(THE PICKET) – Shannon McCarthy is a visiting graphic design teacher at Shepherd University for her third semester. Not content with merely fulfilling her bare-bones obligations as an instructor, McCarthy has dedicated time toward projects she said will make a difference in her design education, and in the world. These projects include Fresh Meat, aimed at providing design instructors with an online space to share their experiences, and No Away, a campaign dedicated toward reducing plastic consumption to protect the environment.
McCarthy’s Fresh Meat project is designed to allow a collaboration of people in the design education field to exchange experiences online. Her vision is for it to become a network dedicated to the design education field that will allow professionals at every level to share their experience and knowledge with other teachers.
One example, she noted, would be beginning instructors, such as she considers herself, and graduate students looking to become graphic design teachers. They could learn skills from older more experienced teachers such as how to run a classroom smoothly, pace projects, and work with students, skills that would otherwise take years to develop unassisted. In return, younger teachers could provide their own ideas and solutions that older people in the field may not have considered.
She hopes that by leveling the experience gap, Fresh Meat will raise the bar for design education across the country, and the quality of education will benefit.
Her second project, No Away, is designed to raise awareness of waste and pollution, and encourage people to reduce their impact on earth. McCarthy’s love of the environment goes back to when she was in third grade, when she’d use her recess to pick up trash by the river at her school. Through research she learned about waste and consumption, but was inspired to take action by the work of activist photographer Chris Jordan. His depiction of the quantity of plastic trash that can be found in the bodies of dead albatrosses, even thousands of miles away from where any humans lived, struck a chord.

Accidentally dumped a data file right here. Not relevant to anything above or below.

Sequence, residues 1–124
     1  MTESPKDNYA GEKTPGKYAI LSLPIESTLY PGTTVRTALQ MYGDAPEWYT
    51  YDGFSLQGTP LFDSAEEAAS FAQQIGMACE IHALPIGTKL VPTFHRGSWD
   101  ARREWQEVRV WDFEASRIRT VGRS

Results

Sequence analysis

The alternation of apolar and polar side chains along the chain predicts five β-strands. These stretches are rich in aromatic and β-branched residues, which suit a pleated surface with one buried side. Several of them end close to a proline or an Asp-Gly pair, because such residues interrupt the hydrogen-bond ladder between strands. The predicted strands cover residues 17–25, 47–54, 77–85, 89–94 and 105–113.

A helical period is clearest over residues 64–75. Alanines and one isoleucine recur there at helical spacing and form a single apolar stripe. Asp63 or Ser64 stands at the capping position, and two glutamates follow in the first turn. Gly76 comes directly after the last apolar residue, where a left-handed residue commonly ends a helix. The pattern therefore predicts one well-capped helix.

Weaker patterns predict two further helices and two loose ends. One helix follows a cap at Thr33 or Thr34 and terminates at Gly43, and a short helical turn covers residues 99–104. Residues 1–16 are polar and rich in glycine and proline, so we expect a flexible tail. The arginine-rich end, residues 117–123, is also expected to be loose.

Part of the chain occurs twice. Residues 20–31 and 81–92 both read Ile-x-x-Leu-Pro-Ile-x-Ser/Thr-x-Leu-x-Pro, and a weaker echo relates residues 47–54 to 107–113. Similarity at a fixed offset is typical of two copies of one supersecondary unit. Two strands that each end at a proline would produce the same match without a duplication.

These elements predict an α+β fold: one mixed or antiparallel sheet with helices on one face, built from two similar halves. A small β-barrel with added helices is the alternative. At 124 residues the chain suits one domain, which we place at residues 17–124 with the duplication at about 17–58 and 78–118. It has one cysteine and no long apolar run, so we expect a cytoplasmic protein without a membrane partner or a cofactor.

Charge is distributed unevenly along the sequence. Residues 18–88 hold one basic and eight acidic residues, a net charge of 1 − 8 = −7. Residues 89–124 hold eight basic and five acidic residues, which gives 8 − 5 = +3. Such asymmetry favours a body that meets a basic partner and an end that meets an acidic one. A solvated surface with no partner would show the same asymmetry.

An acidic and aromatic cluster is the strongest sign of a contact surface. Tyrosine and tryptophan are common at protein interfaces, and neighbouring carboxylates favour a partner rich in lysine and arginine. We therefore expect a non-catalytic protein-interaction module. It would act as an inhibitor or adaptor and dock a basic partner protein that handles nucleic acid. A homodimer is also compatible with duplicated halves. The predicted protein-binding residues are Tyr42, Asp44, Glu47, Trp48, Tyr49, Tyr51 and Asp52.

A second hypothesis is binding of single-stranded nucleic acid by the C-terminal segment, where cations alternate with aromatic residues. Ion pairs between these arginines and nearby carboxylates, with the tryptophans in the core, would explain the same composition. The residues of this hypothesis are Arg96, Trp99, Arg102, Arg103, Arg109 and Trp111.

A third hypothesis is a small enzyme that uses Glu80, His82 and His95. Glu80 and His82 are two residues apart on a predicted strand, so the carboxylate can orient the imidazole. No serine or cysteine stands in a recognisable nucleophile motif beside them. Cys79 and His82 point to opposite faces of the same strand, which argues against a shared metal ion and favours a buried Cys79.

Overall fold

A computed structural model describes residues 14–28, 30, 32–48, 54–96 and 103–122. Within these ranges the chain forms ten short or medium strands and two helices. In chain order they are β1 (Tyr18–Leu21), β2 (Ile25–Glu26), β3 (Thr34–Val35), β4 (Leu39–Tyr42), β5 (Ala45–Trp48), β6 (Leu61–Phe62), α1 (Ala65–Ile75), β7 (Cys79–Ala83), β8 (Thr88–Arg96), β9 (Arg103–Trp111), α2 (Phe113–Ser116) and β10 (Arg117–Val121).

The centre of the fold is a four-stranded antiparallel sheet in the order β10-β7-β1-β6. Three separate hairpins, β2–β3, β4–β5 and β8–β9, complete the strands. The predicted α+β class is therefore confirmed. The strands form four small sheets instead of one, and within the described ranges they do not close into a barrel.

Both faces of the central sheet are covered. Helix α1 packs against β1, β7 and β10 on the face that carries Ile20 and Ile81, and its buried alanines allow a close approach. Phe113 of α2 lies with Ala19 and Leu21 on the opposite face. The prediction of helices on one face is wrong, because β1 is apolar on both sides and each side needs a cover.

“When I saw a bird like that, in the middle of nowhere, dying of plastic, it really made me want to change,” she said.
McCarty researched ways she could help communities reduce waste. While studying at Minneapolis College of Art and Design, she collaborated with a local organization named Waite House and worked with students between 11 to 16, because she felt that they were young enough to still be developing their views of the world, but old enough to understand and appreciate her goals. They helped her develop ways to market her project and produce the promotional material for her efforts, including pins, reusable bottles and posters.
McCarthy’s “ultimate dream” is for the kids who helped her develop her campaign to change their behavior by avoiding plastics. For example, they could choose to use bamboo toothbrushes instead of plastic one, she said.
McCarthy is working on updating the website so donations can be made to support her campaign’s expansion, improve community impact, and find new voices to spread the message and distribute No Away’s material. No Away’s materials includes locally-sourced reusable water bottles, buttons, and posters. Once complete, No Away.com will help link users to resources aimed at promoting reduced plastic consumption. She also runs a blog recording the amount of plastic she uses every day to hold herself accountable and show the improvements she’s made to her lifestyle.